Tag Archives: radiographer

5 Reasons One Would Change a Technique

There are only 5 reasons why a radiographer would change a technique (and 8 ways you could do it without using distance).  As the how’s are not nearly as interesting as the whys, we’ll start with why you would change a given technique.  Here are the 5 reasons: Increase kV,

My Version of the Perfect Exposure Index (EI) System

The chart below is a system that Agfa has implemented with all of their new equipment. It’s a three color system with green being “within range’, yellow being “slightly over or under exposed” and red being “significantly over or under exposed”. I like that they took a stab at it,

mAs = Dose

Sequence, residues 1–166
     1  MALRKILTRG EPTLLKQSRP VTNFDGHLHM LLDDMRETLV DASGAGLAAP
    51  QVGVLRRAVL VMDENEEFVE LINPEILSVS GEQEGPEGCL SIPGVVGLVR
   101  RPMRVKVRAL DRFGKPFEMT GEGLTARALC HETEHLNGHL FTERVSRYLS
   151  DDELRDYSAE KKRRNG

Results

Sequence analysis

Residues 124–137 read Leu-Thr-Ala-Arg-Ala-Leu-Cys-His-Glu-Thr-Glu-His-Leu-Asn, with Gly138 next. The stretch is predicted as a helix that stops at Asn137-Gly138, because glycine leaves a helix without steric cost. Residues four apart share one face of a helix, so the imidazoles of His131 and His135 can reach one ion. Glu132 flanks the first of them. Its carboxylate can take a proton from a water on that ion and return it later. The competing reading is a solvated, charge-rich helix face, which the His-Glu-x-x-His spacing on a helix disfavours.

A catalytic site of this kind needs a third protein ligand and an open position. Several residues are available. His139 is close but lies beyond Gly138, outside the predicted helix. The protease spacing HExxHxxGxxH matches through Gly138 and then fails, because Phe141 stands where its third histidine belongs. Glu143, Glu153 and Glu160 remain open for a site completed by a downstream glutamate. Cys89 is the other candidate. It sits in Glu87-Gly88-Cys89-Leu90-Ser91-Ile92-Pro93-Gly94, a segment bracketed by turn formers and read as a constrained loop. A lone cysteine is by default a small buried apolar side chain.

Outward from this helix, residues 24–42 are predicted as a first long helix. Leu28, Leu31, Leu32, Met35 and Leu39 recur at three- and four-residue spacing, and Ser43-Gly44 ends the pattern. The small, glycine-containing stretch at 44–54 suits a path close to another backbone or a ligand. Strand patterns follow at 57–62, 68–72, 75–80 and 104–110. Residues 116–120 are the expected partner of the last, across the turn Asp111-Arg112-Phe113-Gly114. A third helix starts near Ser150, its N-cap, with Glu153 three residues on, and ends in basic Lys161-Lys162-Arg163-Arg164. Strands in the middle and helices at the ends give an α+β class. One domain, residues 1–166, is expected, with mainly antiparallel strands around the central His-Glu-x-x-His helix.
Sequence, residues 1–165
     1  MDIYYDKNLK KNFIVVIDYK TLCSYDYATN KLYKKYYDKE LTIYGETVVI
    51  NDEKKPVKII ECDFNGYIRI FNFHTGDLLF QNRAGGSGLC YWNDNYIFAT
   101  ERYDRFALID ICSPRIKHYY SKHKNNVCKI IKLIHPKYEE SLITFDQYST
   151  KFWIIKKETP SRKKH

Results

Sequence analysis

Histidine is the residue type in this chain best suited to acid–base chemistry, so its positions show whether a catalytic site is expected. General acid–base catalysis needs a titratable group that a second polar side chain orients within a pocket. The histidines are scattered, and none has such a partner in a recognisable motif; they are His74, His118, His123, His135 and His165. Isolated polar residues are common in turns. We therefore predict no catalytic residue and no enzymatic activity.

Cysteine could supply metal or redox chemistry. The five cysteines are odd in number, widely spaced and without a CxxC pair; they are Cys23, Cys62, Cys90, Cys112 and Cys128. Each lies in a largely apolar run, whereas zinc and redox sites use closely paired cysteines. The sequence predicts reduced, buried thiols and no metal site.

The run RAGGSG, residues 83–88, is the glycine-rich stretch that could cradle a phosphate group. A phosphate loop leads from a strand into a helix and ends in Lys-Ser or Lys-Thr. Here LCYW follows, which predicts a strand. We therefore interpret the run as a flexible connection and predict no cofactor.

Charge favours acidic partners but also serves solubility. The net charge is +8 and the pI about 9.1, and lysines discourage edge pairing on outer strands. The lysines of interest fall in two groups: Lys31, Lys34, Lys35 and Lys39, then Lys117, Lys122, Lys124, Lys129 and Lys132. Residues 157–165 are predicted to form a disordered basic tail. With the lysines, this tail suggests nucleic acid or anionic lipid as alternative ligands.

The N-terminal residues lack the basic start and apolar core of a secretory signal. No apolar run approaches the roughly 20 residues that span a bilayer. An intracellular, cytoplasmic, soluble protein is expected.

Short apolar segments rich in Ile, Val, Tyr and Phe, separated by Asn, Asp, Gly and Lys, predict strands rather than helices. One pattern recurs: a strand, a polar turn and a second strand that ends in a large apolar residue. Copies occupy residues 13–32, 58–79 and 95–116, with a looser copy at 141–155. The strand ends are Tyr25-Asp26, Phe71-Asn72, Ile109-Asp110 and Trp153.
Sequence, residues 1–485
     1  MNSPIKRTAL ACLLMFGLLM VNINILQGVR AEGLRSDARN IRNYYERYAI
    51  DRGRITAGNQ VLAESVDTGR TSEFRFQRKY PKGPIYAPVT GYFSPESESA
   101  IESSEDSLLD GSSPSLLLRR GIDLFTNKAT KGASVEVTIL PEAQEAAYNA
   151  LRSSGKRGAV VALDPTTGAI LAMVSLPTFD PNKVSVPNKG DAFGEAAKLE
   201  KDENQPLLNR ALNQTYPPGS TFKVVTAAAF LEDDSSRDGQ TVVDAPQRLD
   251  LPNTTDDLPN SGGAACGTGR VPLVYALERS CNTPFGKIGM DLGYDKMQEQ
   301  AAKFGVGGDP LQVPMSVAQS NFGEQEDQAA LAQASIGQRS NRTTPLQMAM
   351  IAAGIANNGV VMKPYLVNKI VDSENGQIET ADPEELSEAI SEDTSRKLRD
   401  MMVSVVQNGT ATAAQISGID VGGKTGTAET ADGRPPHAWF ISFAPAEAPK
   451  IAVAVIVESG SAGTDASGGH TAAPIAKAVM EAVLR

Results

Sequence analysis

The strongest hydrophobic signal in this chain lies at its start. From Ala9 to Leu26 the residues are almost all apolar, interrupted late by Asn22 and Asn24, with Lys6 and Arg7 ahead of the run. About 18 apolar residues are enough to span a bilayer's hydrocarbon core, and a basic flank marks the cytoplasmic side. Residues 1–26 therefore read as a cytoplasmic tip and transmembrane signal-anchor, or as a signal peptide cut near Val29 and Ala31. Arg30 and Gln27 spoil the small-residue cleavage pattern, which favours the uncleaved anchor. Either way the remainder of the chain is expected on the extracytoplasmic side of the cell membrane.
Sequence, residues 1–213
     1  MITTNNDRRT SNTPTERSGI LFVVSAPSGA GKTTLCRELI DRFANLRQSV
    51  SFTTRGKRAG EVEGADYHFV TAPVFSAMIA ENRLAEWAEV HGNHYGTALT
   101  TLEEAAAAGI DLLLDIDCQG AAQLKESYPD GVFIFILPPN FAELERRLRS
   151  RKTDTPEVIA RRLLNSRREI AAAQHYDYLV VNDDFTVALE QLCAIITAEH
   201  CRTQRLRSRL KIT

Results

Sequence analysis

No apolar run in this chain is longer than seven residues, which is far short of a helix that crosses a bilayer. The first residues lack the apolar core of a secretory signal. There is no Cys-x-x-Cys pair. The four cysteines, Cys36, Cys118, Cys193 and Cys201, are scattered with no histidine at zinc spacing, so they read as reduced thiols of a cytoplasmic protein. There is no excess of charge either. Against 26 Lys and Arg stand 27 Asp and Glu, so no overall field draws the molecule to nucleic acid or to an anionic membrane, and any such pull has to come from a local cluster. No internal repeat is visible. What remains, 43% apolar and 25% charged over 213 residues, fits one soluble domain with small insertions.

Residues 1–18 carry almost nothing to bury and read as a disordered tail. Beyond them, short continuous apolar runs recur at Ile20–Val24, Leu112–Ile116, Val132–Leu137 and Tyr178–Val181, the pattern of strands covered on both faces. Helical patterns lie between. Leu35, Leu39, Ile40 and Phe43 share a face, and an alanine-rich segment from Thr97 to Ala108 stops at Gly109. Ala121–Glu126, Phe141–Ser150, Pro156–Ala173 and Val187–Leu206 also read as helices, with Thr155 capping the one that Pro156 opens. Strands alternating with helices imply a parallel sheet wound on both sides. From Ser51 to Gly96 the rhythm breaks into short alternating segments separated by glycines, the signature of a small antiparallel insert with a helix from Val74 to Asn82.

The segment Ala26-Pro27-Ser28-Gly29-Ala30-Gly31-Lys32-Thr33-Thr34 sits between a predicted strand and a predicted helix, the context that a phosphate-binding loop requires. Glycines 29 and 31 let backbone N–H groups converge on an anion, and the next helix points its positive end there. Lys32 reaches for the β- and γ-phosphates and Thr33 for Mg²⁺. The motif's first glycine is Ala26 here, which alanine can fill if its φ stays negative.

Today’s post will center on how the mAs you use is directly proportional to the dose you are giving your patients.  I could have just written “the dose the patient is getting” but I really want to make it clear that you the radiographer, or radiographer student, are the one setting

Optimum kV for DR & CR Equipment

As soon as the film-screen combination was developed in our profession, there has been optimum kVs used for every body part.  Even when Rare Earth screens came on the market in the early 80’s and the mAs was cut to one third (from 9 to 3 for example) the kV

The Trouble with Post Processing “Collimation”

Post processing “collimation”, shuttering or cropping seemed to be one of the greatest features of digital radiography.  With our first CR unit we were taking badly collimated chest x-rays and then with a couple of mouse and key strokes turning in images that looked like we were the best collimating

Problems with Exposure Index (EI) Numbers

When Fuji first developed CR back in the early 80’s, they were also the first company to invent an Exposure Index (EI) number system.  As most of us know, they went with S numbers and decided to have those numbers correspond with the speed of film –screen systems so that the higher